If you are a single parent, it is important to acknowledge how very difficult a job you have. If you are feeling that your life situation has affected your sense of hope, optimism, and self-efficacy, it is important for you to reflect on the specific reasons why the challenges of single parenting are so powerful, and then take the advice that I am going to offer you for specifically combatting the sources of your stress.

1.  Build up your network of social support – Even though you are tired, and pressed, it is important for you to be proactive about your social life. Contact with other adults, building on friendships to create authentic connections, and having social events to look forward to, are essential. The degree to which you feel that you have other people to talk to, and who support you, is connected with your well-being.

Since I am not a single parent, I sent this article to a friend of mine, who is a single mother, to ask her if she agreed with what I was writing. This was her response:

“You talk about social isolation and that is so very true with single parenting. It is often hard to find a healthy balance. I had to become more mindful that if I do not demonstrate healthy social skills for my child then it is very likely that he will adopt the same inability for socializing with his peers. I’m still working on this but I make an effort to be a better example.”

You are not an island. Your mental health, your self-esteem, your feeling of hope for the future, your ability to positively cope with stress, and your wherewithal to use positive parenting strategies will all benefit from some time to decompress with friends. You don’t even have to talk about your problems. You can just hang out with other people, and talk about the weather. You need to get out of the house, and out of your head, and reconnect with your adulthood!

2.  Seek out support groups, preferably run by a cognitive-behavioral therapist – A cognitive-behavioral therapist is the perfect match for combatting the kinds of negative thinking, depressive perspective, and helplessness that comprise the challenges of single parenting. While I do not dismiss the contributions that therapists from other schools of thought can be helpful to their clients, the cognitive-behavioral therapist’s approach is centered on specific, concrete strategies that can help you recenter your perspective on life and parenting. The cognitive-behavioral therapist is likely to focus on the following life skills:

  • Identifying coping strategies to help manage stress. These coping strategies [2]can help you be more proactive about looking at obstacles as problems to be solved, rather than impossibilities to be endured.
  • Challenging negative thoughts. The therapist will want to hear you express your attitudes, and then allow the group to offer alternative ways to think about your situation.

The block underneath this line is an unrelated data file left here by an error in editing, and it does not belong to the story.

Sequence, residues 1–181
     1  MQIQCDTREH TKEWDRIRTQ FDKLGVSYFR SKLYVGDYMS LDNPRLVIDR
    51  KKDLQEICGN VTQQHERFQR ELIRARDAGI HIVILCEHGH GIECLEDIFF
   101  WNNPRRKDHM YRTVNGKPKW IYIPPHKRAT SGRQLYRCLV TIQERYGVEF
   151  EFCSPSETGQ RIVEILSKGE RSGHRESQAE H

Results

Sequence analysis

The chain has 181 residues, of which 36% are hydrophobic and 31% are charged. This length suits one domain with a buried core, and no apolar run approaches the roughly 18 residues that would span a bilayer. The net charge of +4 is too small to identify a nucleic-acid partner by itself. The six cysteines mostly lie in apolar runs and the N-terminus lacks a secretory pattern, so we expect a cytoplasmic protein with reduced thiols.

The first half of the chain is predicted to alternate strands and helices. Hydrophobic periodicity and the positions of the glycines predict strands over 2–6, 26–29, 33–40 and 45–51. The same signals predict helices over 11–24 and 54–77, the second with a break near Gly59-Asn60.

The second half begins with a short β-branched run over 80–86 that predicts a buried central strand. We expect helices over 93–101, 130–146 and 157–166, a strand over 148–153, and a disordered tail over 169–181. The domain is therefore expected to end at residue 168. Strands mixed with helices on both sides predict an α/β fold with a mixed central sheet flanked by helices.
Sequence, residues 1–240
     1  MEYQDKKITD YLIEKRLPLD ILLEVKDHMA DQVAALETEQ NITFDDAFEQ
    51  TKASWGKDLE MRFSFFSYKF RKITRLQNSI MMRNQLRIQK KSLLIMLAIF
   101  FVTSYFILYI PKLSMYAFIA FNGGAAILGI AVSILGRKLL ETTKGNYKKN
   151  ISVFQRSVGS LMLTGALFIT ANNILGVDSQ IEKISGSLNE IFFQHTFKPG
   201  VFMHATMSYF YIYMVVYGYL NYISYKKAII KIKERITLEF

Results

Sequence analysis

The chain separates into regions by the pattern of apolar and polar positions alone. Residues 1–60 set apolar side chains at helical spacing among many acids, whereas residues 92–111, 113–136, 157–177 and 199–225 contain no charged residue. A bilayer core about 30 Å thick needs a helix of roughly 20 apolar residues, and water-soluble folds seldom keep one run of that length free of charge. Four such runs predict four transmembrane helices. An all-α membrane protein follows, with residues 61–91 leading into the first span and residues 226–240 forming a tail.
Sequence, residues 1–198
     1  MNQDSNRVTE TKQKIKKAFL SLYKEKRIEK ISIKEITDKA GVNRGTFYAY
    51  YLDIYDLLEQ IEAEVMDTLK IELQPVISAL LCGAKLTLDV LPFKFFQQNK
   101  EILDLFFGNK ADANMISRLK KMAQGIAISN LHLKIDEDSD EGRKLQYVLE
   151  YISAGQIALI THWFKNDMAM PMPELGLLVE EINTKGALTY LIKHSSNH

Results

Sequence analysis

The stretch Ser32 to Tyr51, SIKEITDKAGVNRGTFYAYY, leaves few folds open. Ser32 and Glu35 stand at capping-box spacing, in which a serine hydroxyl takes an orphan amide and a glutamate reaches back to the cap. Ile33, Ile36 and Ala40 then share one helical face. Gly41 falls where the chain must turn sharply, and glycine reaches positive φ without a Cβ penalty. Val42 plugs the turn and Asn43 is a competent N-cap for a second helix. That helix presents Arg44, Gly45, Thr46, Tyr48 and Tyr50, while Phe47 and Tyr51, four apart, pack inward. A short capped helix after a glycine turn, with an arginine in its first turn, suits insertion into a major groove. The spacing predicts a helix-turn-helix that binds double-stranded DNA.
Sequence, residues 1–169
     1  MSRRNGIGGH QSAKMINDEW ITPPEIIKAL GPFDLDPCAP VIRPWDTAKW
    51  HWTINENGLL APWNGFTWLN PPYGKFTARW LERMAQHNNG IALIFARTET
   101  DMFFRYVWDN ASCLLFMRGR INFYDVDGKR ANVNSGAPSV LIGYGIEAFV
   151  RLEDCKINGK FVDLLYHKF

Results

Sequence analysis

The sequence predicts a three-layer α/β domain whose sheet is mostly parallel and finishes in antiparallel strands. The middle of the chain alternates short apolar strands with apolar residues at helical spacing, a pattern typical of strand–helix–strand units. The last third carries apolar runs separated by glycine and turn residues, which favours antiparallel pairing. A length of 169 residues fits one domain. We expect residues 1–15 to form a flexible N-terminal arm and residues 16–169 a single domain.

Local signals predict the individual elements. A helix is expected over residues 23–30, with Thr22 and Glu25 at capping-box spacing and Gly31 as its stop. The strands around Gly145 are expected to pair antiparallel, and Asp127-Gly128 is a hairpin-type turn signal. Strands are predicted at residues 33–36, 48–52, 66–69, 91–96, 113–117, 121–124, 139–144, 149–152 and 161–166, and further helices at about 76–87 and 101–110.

• Providing practice with cognitive reframing. When we are overly stressed, and anxious about the future, we have a tendency to let our minds wallow in worst case scenarios. As a great
    The challenges of single parenting
    I’ve read this book many times in my life – profound

    philosopher named Krishnamurti used to teach, most of the things that we are worried about are things that we are worried might happen in the future. Notice, then, that our biggest fears are about things that haven’t happened yet. Your therapist, and the members of your support group, can help you reframe your attitudes so that you can have more self-efficacy about your life as a result.

  • Engaging you in activities to promote gratitude. Many cognitive-behavioral therapists who work with depressed clients will use focused activities to activate your feelings of gratitude, which is known to increase feelings of well-being and optimism. Activities like making lists of things for which you are grateful, journaling, and making commitments to express gratitude to others are all designed to help you weed out the small stuff from “what really matters.”

Guess what? Did you catch it? The advice was to go to a therapist who is running a support group. You can kill two birds with one stone! In your group therapy sessions, hopefully, you will get the opportunity to discuss your own challenges of single parenting, receive insights about how to cope with those challenges, get new, current experiences with feelings of gratitude and hope, and also meet new potential friends who can be a part of an expanding support group.

To all my single parents out there, I feel for ya. Your life is harder than many others. Here’s an alternative perspective: Those challenges you have to face can be a reason for having that much more satisfaction from your positive parenting. You are strong enough, if you get the support and expertise that I suggest you seek out. Your children will – one day – be so grateful that you fought the hard fight, and determined to come out on top.

[1] Taylor, Z. E., & Conger, R. D. (2017). Promoting Strengths and Resilience in Single‐Mother Families. Child Development, 88(2), 350-358.
[2] Taylor, Z. E., Larsen-Rife, D., Conger, R. D., Widaman, K. F., & Cutrona, C. E. (2010). Life stress, maternal optimism, and adolescent competence in single mother, African American families. Journal of family psychology, 24(4), 468.